First impression was that the envelope with the single layer of bubble wrap that was protecting the lens had lost its air long ago, probably while still in mainland China, but concerns of damage were quickly alleviated when I discovered this this is a beast, is heavy, and is made completely of metal.

It's also somewhat larger than I anticipated..  here it is next to the camera and existing 8mm lens:


I put it onto the camera and couldn't get focus, even if I screwed it all the way in.

Naturally, my first impression was to take the camera apart, and modify it to get infinity focus, however it later turned out that this was wrong, and that I had screwed the lens into the camera too far, but back to me going down the wrong path...

Camera in pieces:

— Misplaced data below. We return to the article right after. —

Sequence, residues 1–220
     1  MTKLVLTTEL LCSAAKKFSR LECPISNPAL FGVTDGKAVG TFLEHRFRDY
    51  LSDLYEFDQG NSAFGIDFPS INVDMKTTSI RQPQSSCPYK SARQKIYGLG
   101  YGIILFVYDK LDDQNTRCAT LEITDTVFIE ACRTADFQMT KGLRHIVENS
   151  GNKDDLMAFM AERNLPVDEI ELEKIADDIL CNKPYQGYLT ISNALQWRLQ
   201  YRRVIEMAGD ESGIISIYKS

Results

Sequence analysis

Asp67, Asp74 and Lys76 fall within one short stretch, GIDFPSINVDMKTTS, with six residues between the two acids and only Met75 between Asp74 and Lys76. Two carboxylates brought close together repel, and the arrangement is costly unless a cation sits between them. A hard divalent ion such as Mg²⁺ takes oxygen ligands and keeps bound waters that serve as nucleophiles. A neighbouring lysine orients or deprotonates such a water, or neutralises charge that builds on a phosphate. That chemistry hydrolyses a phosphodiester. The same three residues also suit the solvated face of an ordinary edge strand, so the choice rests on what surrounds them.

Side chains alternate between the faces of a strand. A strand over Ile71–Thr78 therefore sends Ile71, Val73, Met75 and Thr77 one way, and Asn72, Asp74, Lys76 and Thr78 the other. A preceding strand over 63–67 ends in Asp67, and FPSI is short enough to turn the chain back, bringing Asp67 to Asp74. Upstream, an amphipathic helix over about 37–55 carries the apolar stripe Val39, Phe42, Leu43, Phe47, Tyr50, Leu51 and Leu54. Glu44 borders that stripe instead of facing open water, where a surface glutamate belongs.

The bit I chopped off thinking it was the only barrier between me and cinematic goodness:


It was around this time I realised my error, and that the lens got good focus (across the whole zoom range) with only 2 turns of the lens into the mount.  

This meant that clearance between the rear element and the sensor wasn't in danger, so I installed the IR Cut filter onto the rear element of the lens.  Luckily this lens had a flat rear-element, which made getting the IR filter also flat quite a straight-forward process.  I found success with the previous lens by using PVA woodworking glue, which dries clear and holds the IR filter securely (which I accidentally tested by dropping that lens ~1m onto a tiled floor and it stayed on just fine!), so here's the filter:


I applied the PVA with a pin and I find that if you give yourself a big lump of glue then you can tell how quickly the glue dries by watching your lump dry, which isn't required in this case but is useful if you glue somewhere that you can't see:


Next job was to modify the front plate to allow the lens to sit where it needs to.  In this case the front part that clips in needs to be removed: